Lexicon: Indigenous Innovation or Independent Innovation (自主创新, Zìzhǔ Chuàngxīn)

Understanding and translating a key strategy of Chinese science and technology policy


March 7, 2022

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March 7, 2022

Understanding the Role and Meaning of Zìzhǔ Chuàngxīn

The term 自主创新 (zìzhǔ chuàngxīn, hereafter ZZCX), typically translated as "indigenous innovation," or sometimes "independent innovation," has become a central strategic concept in Chinese government rhetoric during the Xi Jinping era, building on a long-standing tradition of emphasizing self-reliance in industry and technology. The 14th Five-Year Plan, released March 2021, further underscored the importance of science and technology (S&T) in the party’s plans for China’s economic future. To underscore the importance of S&T in Xi’s thinking, the Communist Party’s top theory journal Qiushi published the full text of Xi’s capstone S&T speech, which heavily utilized the term ZZCX to outline his strategic vision for China’s future.  

For Xi, ZZCX is not just a matter of pride, but of national security. In 2018, in response to a wave of technology-focused sanctions from the United States, Xi Jinping gave a series of speeches emphasizing the need for China to decrease its reliance on foreign technology and chart a more independent path. According to Xi's speech, unless China cultivates ZZCX, there will be a persistent gap between China and other leading economies. Reliance on foreign economies means that core technologies “may not be available when needed, cannot be purchased when needed, and are not always available on demand,” he said. In the wake of U.S. efforts to hobble Chinese tech companies such as ZTE and Huawei, Xi urged China to “cast aside illusions and rely on ourselves.”

A Slogan’s Lineage

Although the term ZZCX did not first appear until the mid-1990s, it draws on a long history of the CCP responding to external challenges with drive for internal independence. During the early Cold War era, the fear of external threats, particularly after the 1959 Sino-Soviet split, left China virtually surrounded by hostile powers, leading Chairman Mao Zedong to undertake a massive drive to cultivate “self-reliance” (自立自强, zìlìzìqiáng). Following Mao’s direction, the country engaged in the enormous industrial undertaking of moving key industries from the coast to the country’s interior, which the country’s leadership believed would make China more resilient in case of a U.S. or Soviet attack. 

China also embarked on a series of large-scale scientific projects that led to notable breakthroughs such as atomic and hydrogen bombs, China’s first satellite, and a malaria treatment. These achievements continue to be a source of national pride and a template for what China can achieve by itself. In one of Xi’s speeches in 2018 promoting ZZCX, Xi called upon China to harness the spirit  of “two bombs, one satellite” (两弹一星, liǎngdàn yīxīng) to close the technology gap with the west.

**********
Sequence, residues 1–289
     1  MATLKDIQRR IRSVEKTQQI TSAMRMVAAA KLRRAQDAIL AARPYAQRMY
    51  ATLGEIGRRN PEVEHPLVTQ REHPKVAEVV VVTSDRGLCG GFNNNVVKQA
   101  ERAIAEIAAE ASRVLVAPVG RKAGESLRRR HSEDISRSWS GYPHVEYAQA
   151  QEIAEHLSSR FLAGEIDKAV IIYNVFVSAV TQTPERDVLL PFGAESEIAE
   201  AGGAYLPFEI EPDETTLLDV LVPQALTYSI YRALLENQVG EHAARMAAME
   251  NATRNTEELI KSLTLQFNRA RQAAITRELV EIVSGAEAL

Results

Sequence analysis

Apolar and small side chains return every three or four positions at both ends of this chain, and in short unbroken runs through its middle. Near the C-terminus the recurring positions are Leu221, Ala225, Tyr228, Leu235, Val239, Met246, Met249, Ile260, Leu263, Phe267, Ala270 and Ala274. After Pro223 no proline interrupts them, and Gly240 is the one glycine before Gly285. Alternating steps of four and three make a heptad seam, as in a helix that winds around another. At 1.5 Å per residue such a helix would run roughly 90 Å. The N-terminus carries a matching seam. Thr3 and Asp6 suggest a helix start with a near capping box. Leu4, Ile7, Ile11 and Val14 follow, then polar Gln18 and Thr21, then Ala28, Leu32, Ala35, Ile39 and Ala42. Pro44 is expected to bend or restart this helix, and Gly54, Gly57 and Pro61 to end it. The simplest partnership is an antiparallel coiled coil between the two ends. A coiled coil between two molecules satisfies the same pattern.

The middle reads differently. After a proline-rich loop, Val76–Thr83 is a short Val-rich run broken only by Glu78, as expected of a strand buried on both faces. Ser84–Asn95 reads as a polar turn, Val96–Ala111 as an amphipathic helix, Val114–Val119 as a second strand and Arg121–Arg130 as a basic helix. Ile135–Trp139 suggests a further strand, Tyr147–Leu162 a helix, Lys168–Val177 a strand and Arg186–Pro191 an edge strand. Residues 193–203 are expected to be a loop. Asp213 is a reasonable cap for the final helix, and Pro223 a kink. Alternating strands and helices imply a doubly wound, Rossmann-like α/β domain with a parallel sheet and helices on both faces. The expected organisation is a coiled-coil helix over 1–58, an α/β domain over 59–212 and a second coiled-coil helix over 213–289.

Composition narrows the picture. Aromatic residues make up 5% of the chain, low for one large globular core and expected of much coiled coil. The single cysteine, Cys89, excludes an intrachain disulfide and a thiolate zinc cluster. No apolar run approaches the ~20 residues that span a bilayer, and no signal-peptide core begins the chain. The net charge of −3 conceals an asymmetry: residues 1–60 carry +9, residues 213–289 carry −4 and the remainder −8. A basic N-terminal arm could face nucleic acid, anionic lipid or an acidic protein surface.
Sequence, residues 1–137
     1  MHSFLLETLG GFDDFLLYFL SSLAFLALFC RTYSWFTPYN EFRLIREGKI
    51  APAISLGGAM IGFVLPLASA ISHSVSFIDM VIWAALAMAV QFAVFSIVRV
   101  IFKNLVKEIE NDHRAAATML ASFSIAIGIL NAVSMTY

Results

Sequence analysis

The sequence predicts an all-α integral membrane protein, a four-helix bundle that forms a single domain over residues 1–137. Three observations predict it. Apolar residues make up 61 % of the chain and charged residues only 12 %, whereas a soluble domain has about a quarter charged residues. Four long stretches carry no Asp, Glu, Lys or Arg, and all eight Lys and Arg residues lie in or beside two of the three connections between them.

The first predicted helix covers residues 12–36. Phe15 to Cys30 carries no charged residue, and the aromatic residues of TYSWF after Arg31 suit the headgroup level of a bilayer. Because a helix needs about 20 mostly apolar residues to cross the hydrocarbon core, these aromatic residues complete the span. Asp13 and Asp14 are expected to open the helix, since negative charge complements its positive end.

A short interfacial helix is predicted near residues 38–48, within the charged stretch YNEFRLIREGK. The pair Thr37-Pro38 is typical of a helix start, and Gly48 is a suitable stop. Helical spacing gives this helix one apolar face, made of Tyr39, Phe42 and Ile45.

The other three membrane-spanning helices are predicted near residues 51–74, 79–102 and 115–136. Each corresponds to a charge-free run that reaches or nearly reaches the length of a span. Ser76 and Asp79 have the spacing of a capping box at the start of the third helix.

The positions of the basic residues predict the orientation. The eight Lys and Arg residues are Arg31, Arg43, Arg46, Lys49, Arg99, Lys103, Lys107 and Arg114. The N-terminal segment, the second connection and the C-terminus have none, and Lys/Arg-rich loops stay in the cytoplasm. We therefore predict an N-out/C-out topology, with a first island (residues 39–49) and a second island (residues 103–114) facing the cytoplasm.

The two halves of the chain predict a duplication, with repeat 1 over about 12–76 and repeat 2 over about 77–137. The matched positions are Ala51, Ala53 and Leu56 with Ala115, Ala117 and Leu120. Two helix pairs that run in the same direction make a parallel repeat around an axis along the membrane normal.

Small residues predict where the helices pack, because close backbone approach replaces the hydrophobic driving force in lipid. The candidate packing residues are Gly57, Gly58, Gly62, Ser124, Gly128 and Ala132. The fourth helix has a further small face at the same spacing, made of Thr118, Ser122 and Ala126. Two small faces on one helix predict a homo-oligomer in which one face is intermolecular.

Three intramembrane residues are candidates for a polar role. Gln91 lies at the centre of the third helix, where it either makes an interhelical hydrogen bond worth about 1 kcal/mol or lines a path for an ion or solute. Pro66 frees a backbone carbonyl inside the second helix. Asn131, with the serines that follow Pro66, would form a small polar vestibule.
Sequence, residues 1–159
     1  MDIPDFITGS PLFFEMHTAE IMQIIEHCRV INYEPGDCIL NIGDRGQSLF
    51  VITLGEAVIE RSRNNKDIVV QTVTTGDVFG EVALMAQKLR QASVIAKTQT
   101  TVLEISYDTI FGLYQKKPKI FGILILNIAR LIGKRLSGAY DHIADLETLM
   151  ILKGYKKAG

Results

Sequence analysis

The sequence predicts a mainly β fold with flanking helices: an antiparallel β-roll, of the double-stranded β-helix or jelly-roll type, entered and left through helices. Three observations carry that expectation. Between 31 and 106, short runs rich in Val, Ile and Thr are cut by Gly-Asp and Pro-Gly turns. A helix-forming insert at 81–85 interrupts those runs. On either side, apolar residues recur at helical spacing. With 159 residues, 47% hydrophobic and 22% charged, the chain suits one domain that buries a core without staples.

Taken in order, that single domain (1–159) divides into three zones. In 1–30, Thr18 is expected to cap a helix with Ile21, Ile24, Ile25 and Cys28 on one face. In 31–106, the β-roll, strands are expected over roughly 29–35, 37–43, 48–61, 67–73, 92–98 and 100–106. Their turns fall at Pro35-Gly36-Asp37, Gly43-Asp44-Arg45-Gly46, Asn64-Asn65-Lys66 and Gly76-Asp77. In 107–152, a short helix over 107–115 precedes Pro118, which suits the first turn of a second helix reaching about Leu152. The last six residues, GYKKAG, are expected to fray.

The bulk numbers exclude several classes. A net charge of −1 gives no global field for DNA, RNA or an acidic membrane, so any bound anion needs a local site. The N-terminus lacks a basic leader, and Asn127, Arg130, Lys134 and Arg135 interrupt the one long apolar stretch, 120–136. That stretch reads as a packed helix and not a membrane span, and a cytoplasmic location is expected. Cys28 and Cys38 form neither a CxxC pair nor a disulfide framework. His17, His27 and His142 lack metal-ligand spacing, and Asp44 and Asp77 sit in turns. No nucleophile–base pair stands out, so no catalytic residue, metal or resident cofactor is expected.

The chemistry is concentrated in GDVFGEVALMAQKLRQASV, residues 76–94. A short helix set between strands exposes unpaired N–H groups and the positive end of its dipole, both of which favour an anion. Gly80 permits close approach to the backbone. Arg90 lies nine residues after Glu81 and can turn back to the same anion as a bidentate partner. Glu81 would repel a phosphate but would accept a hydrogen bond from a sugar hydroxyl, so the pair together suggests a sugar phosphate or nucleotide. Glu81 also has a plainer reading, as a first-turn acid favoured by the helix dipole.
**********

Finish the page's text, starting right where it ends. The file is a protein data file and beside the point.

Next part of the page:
Following Mao’s death, Deng Xiaoping's push for “reform and opening” (改革开放, gǎigé kāifàng) meant that self-reliance took a backseat to efforts to stimulate economic growth and learn from developed countries.  Years of upheaval devastated the Chinese economy and left Chinese industry in tatters. The contrast between Japan and China, which began from relatively similar positions in reconstructing their economies after WWII, presented a sobering image. China’s leadership, therefore, vowed to climb the global value chain by integrating into global industry and assimilating knowledge from other countries. 

Yet the emphasis on “self-reliance” and ZZCX did not fade with China’s reform and opening. Rather, it developed a second life as China’s leadership attempted to simultaneously assimilate foreign technical knowledge and climb the global value chain while cultivating a domestic technological base. Hu Jintao, China's top leader from 2002–2012, sought to help elevate China’s position in the global supply chain and released The National Medium- and Long-term Program for Science and Technology Development (2006-2020) as an effort to promote ZZCX. Hu’s plan focused on top-down supply side government intervention to help champion the growth of high-tech industries in China.

Translating Zìzhǔ Chuàngxīn

“Innovation” is clear. The latter half of ZZCX, chuàngxīn (创新), has been consistently and unproblematically translated as “innovation” in almost all English texts. From the context of Xi’s use of ZZCX, the emphasis on innovation is clear. Phrases such as “daring to take the road no one has traveled,” “achieve breakthroughs,” and “taking the initiative to innovate and the initiative in development” make it apparent that Xi is not seeking to emulate peers, but rather a path of original developments that will transform China into a premier global innovator.